Brown-, Green-, and Blue-Water Fleets: The Influence of Geography on Naval Warfare, 1861 to the Present

By Michael Lindberg; Daniel Todd | Go to book overview

4
The Naval Warfare Environment

At first glance, the ocean appears to be a fairly uniform, featureless environment. Water, water everywhere. Vast expanses of open ocean, occasionally interrupted by an island or reef but essentially an uncomplicated and uncluttered environment, especially when compared with the terrestrial portions of the earth. In reality, nothing could be further from the truth. The marine environment is an extremely complex one and presents those engaging in naval operations with many challenges. In order to fully understand the impact of geography on naval warfare, it is essential that one have a firm grasp on the physical realities of the marine environment. To this end, we present an overall description of this environment’s physical geographic characteristics as well as a detailed examination of its three specific areas: the high seas, marginal seas, and littorals. The special environment that inland waterways constitutes is also addressed. Some mention of the influence that these physical geographic characteristics have on naval warfare is presented, but we confine most of our comments to the physical nature of these characteristics and deal with the specifics of their influence in more detail elsewhere in the book.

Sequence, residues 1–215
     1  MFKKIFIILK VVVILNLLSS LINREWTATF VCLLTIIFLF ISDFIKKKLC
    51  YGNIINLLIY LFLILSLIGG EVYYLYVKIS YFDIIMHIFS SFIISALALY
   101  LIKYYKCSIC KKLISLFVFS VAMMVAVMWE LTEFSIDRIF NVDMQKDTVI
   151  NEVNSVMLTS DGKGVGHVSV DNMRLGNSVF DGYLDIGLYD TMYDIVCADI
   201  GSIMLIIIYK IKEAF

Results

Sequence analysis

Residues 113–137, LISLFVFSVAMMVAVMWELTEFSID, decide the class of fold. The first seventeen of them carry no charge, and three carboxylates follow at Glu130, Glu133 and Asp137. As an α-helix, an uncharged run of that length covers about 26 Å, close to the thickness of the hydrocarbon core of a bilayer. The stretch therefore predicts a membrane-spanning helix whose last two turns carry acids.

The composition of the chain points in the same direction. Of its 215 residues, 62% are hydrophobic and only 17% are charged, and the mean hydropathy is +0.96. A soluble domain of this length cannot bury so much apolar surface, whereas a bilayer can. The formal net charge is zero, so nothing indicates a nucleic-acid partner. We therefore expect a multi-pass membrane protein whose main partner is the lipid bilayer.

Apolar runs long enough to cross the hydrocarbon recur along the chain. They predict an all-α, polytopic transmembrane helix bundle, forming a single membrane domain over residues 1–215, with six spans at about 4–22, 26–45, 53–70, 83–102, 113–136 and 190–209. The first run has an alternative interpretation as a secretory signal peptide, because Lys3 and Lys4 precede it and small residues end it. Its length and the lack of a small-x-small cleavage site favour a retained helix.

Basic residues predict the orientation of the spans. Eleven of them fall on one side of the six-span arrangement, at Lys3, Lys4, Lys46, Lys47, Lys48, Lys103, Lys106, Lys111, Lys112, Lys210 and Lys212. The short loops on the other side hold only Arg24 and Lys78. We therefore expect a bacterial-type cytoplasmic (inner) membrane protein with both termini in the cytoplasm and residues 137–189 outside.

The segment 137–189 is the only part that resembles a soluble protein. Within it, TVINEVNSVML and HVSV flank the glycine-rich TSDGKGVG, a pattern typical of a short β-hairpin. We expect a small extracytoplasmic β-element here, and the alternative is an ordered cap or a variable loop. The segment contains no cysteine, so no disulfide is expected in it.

From a global perspective, the ocean is a single body of water, the so-called world ocean. Covering nearly 71 percent (a staggering 139 million square miles) of the earth’s surface, it constitutes the single largest environment on the planet. It is true that when we look at a map of the world, we see many different oceans and seas, but these are largely artificial partitions. In reality, there is only one vast, interconnected body of water.1 While the continents separate the various ocean basins from each other, they do not isolate or cut off any of them from one another. They do not prevent the exchange of water from one area to another via surface and subsurface currents, nor do they prohibit the movement of marine life or shipping on a global basis. Barring technological restrictions, there is no place on the planet that is covered by this body of water or borders on it that a vessel cannot access. In addition, the connection between the world ocean and various inland waterway

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Brown-, Green-, and Blue-Water Fleets: The Influence of Geography on Naval Warfare, 1861 to the Present
Table of contents

Table of contents

  • Title Page i
  • Contents iii
  • Acknowledgments v
  • 1 - Introduction 1
  • 2 - Prelude- Land versus Sea Warfare 13
  • 3 - Theoretical Background- Classicaland Modern Geostrategy 23
  • 4 - The Naval Warfare Environment 59
  • 5 - Naval Warfare on the High Seas 71
  • 6 - Naval Warfare in the Littorals 145
  • 7 - Riverine Warfare 169
  • 8 - The Influence Ofgeography on Navies 195
  • 9 - Conclusion 223
  • Selected Bibliography 229
  • Index 237
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